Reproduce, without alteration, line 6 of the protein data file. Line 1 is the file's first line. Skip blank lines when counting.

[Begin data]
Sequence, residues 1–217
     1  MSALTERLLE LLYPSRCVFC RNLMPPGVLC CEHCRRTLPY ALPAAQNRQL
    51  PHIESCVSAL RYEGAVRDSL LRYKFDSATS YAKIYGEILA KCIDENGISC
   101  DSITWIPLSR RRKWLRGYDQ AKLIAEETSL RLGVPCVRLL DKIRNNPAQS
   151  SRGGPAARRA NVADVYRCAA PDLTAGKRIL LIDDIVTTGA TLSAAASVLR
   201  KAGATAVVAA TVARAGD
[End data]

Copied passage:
   201  KAGATAVVAA TVARAGD